One note of the “Free Bird” guitar solo, and a few from the Southern fried intro to “Sweet Home Alabama” sets the mind reeling to the era of classic 70s anthem rock. Telling stories like American folklore, the band has endured, despite all odds, through death and disaster, as the signature rock group of America's working people. Modern musicians as diverse as Kid Rock, Metallica and Travis Tritt pledge allegiance to the Skynyrd sound, and a new wave of hard rocking youngsters values the Skynyrd legacy above all else. Drawing on their blue collar roots for musical inspiration, Skynyrd has always been known as one of the hardest working bands in history, having exploded onto the scene in the 1970’s and playing approximately 300 dates each year. Skynyrd debuted in 1973 with a down home sound and lyrical sensibility that promoted the values of its heritage, the values of America’s working class. The band's hometown of Jacksonville truly was a blue collar town, and Ronnie, Donnie and Johnny Van Zant learned the value of hard work from family patriarch Lacy Van Zant.
Skynyrd was going strong before the now legendary plane crash in October 1977, which killed lead singer/co-founder Ronnie Van Zant, guitarist Steve Gaines and Steve's sister, back up vocalist Cassie Gaines and several crew members. They had sold millions of records, and brought their down-home brand of rock to legions of fans around the world. Their sixth album, Street Survivor had just been released and became the first Lynyrd Skynyrd album to be certified gold. Their first tour of major arenas had been booked, including a lifelong dream fulfilling show at New York's Madison Square Garden. But after the crash, which seriously injured surviving members Gary Rossington, Leon Wilkeson, Allen Collins, Billy Powell, and Artimus Pyle, the thought of continuing as Lynyrd Skynyrd felt impossible. Much to the surprise of the rock world, the resilient survivors reunited in January 1979 for a special appearance at Charlie Daniel's Volunteer Jam V where they performed an instrumental version of "Free Bird" as a eulogy for their lost comrades and the band. Although Lynyrd Skynyrd was no longer performing as a unit, its members continued to work together.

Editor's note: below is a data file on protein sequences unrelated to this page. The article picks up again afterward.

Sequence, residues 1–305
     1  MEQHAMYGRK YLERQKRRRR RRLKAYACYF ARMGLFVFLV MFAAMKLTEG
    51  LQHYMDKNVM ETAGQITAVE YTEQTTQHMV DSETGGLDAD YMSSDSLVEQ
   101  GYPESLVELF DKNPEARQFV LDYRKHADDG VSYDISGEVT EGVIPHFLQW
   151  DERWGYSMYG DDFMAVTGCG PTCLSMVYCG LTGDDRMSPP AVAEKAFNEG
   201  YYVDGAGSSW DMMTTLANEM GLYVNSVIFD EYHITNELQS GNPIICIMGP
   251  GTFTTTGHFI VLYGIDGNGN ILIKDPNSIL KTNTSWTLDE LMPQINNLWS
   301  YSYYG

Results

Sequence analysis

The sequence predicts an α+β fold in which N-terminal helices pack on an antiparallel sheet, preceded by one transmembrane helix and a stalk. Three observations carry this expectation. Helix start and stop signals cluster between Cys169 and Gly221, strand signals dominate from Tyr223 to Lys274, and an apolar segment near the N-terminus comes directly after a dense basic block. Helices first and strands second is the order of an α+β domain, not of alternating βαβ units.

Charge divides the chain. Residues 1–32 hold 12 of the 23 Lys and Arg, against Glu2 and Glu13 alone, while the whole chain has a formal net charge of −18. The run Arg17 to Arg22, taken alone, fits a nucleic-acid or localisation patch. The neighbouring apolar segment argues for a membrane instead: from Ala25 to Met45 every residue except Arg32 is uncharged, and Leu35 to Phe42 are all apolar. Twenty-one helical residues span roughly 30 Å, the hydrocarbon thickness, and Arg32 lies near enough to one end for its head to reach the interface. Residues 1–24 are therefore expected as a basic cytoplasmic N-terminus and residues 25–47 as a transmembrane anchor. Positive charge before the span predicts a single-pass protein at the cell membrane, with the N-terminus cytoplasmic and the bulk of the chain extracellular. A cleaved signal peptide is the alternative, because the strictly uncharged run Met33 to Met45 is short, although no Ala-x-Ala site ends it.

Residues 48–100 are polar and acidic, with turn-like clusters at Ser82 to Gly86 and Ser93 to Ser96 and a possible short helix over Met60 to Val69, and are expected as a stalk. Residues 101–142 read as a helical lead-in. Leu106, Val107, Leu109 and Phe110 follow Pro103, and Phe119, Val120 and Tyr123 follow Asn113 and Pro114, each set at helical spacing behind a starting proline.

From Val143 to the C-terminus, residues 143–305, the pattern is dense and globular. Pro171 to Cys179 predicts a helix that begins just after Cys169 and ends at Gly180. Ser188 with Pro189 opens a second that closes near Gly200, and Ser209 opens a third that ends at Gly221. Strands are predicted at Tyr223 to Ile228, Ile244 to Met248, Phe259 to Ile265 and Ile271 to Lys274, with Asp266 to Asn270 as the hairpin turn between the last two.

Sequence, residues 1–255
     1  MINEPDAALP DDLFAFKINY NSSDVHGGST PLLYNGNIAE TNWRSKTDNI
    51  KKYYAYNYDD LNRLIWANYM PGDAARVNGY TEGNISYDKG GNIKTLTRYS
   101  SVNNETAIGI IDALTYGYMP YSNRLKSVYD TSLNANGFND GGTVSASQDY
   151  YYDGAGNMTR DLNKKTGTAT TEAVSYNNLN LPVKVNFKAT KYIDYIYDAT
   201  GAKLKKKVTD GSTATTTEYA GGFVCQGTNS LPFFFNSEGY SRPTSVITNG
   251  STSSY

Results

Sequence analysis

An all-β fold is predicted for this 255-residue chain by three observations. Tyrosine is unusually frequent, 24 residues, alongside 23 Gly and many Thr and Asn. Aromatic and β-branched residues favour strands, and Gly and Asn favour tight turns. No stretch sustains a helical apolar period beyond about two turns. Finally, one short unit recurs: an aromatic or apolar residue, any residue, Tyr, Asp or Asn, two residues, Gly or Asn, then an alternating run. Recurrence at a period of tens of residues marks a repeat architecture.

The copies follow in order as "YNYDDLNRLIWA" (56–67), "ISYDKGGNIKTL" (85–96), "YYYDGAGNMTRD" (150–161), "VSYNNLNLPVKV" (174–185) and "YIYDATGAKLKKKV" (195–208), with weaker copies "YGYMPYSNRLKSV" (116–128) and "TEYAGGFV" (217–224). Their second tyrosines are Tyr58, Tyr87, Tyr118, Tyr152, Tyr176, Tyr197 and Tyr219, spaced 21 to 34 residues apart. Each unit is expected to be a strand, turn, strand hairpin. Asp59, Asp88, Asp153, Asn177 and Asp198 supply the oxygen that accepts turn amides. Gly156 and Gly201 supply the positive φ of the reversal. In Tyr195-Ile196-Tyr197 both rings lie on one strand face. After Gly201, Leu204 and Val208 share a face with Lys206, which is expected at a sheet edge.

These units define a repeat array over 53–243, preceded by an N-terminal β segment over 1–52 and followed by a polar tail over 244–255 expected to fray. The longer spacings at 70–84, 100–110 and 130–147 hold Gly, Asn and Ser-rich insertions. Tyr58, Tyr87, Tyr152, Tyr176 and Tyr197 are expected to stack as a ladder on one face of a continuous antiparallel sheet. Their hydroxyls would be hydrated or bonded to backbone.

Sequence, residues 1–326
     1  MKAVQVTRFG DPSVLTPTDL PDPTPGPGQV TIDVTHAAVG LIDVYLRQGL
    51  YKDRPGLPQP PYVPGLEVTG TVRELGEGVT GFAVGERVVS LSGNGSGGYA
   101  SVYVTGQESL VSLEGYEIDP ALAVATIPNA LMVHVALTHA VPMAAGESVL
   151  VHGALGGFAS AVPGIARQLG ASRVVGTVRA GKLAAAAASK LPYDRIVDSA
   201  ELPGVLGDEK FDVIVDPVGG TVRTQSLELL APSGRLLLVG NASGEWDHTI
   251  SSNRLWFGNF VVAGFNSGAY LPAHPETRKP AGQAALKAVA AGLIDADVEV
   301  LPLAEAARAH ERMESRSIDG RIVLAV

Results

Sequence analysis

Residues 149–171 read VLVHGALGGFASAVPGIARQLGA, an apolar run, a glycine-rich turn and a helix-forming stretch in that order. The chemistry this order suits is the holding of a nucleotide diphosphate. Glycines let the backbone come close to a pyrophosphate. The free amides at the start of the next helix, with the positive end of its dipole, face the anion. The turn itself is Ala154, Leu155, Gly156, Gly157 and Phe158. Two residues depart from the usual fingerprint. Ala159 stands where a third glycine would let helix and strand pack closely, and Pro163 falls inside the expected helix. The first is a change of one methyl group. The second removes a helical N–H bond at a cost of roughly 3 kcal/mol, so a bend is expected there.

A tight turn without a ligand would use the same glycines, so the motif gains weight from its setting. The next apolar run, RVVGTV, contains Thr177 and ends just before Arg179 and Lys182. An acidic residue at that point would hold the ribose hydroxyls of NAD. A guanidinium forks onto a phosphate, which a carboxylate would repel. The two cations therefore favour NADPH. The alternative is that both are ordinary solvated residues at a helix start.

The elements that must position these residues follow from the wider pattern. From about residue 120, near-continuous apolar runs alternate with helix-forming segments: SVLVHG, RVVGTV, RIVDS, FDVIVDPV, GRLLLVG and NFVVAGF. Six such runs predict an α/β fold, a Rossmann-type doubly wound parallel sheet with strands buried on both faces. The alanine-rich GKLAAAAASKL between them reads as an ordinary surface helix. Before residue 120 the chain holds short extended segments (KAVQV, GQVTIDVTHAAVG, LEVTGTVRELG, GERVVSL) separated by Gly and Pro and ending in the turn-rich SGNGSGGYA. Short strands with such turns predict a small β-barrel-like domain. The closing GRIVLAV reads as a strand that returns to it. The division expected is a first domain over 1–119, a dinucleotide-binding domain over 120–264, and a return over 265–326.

First, guitarist and co-founder Gary Rossington, along with guitarist Allen Collins, bassist Leon Wilkeson and pianist Billy Powell formed the Rossington-Collins band which released two albums in the early 1980's and toured extensively. When Rossington-Collins broke up, Rossington and his wife, singer Dale Krantz, moved to Wyoming and recorded and performed as a duo while Collins started the Allen Collins Band. On the tenth anniversary of the crash, some of the members considered doing a tribute concert. They invited Ronnie's younger brother Johnny, an accomplished recording artist in his own right, to provide lead vocals. In putting together the current lineup of the band, Rossington, Van Zant, Wilkeson, Powell and Hale went to some of the American rock's finest guitarists - former Blackfoot founder/guitarist Rickey Medlocke, and Hughie Thomasson from The Outlaws. In the summer of 1996 this unit broke records in amphitheaters across the country as they toured together for the first time. "Our fans are country folks, they like the basics," Johnny explained. "They're not afraid of dirt, they know how to work with their hands. If you've got a good car and a good woman you can be happy. Life has gotten so complicated that a lot of people have lost sight of the fact that the simple things are the best things.”